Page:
Who Are You?

I often hear from my clients that they don’t know who they are. Part of the process of counseling is helping my clients define who they are and what that means. It is important to understand that our identity (who we are) is not stagnant. We are constantly changing and evolving as human beings. It is also important to understand that people are complex beings containing many dimensions. A combination of thoughts, feelings, beliefs, and experiences combine to make us who we are.

It has been my observation that most people identify who they are by the roles they play in life (father, sister, wife, parent, a profession). In reality, these roles do not define who we and are not stable over time. They describe what we are doing at a given time in our lives. If we define ourselves by our roles and one or more of our roles change, we lose our identity. I have experienced this and I found myself searching for an identity. Our identity cannot be tied to only what is currently happening in our lives.

Our identity cannot be tied to one event or period in our lives. This leads to being tied to the past. Example: the person at the high school reunion who identifies him or herself by their time in high school. Our lives are not a snap shot. Our lives are more like a feature film lasting many decades that include our accumulated experiences. We have our successes and our failures. We have all made mistakes over the course of our lives. It is important not to define ourselves any specific events.

Our identity is not determined by how others define us. Some people will like us and others will not. Some people will agree with what we say and do. Other people will not agree. Their opinions in many cases have little to do with who we are and more to do with who they are.

Who we are is an internal process and not about the external. For me, identity is what my values and beliefs are (and those have changed over the years). It is my thoughts and feelings as well how I perceive things (and myself) to be. From this I can determine my purpose in life and not have it determined for me.

Time to start writing again.

After a significant amount of time away from posting in my blog, I have decided to put my mind back into writing more posts. I think the thing that holds be back the most is trying to say something profound every time I post. That is simply impossible.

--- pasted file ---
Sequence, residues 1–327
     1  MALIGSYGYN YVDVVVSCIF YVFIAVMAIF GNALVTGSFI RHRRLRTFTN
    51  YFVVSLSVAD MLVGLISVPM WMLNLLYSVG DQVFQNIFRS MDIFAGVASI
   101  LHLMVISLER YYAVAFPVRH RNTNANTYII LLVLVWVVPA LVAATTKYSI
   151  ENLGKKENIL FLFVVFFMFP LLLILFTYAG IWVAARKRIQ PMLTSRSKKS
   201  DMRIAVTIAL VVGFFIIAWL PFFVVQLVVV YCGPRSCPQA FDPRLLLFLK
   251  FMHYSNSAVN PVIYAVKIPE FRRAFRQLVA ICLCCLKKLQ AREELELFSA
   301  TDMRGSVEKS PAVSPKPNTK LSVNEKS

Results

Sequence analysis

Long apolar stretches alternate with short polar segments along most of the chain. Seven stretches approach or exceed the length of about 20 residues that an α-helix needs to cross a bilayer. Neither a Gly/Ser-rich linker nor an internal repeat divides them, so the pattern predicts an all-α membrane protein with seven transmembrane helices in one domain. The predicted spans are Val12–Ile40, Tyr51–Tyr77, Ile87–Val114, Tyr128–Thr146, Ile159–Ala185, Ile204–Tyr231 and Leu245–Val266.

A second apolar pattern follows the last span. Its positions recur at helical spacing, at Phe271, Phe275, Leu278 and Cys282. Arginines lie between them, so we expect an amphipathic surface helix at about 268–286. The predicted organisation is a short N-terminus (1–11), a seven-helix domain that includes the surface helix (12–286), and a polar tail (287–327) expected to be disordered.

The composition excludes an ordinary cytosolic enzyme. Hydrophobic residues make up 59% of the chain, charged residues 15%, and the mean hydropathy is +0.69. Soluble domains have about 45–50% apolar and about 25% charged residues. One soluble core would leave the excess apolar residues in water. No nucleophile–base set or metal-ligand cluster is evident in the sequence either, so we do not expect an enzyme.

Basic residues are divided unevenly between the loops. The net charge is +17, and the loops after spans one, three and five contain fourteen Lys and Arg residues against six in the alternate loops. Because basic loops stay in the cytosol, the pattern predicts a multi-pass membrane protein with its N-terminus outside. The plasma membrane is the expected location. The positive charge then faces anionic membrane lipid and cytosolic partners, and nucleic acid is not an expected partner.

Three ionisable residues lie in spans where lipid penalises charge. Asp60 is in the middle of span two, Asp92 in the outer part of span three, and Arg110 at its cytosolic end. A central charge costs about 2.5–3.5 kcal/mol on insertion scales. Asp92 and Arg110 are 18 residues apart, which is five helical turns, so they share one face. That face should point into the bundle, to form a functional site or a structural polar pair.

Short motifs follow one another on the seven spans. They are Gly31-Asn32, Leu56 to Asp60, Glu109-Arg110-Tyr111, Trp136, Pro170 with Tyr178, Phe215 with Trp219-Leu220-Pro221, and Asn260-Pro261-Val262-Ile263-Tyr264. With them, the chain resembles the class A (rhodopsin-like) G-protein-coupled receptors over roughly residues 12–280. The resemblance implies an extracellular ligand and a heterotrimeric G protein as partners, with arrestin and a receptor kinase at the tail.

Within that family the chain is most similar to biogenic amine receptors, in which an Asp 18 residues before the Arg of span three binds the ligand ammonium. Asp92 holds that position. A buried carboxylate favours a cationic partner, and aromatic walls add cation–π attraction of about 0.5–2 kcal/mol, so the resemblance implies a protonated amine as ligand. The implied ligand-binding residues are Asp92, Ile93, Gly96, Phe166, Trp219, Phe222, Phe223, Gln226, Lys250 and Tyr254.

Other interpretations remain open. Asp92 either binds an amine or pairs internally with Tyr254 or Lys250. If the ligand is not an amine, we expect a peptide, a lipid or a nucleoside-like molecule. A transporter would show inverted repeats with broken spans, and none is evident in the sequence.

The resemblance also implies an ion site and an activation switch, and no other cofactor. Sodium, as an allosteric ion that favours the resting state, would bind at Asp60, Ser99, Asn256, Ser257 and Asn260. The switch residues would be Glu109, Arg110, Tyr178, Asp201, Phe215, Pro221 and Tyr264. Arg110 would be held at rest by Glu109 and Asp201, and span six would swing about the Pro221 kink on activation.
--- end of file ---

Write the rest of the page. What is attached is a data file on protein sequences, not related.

I think that only serves to keep me from providing my readers valuable information and a better understanding of themselves and others.

On a More Personal Note

I have been writing my blog for a few years and I have rarely spoken about myself and my own struggles. Having started my own journey of recover nearly 30 years ago, I have a great deal of experience and knowledge about all the skills I have shared with my readers. I have also learned from all the people I have counseled over the last 20 years. I hope that some of you have benefited from my blog.

One thing I have to keep in mind is the phrase: progress not perfection. No one, including me, has ever done this perfectly. I am a work in progress like everyone else who is in the process of change and growth. I suffered from chronic depression and addictive behaviors for most of my life as well as poor self-esteem. Although I have experienced a tremendous improvement in the quality of my life, I also have my struggles. I sometimes find it difficult to apply all the coping skills I know. There times I have to work hard to focus on the things I need to and stay in the present.

I have my own philosophy of life: Life is to be enjoyed. I work every day to make that a reality. One of the ways I stay focused is by writing this blog. It has great value to my life. I hope it has value to yours.

What Are You Waiting For?

You have realized that something is not quite right in your life.  You have become more aware of your anxiety or depression or some other issue that weighs heavily on you and negatively affects your life.  You have become increasingly aware that something has to change because you can no longer tolerate living like this.  What are you waiting for?

You have experiences that have haunted you for many years.   You have tried to put behind you.   You have read books and gotten advice from friends on how to overcome it.  You have beaten yourself up for years about it.  You have thought about getting help with the issue for years and understand that you cannot do it on your own.  What are you waiting for?

Your drinking or other substance abuse has become more and more of an issue in your life.   The damage continues to pile up.  Friends and family keep telling you need to get help and deal with it.  As much as you try to control it you find it impossible.  You life is unraveling in front of your eyes.  You know you can’t deal with it on your own.  What are you waiting for?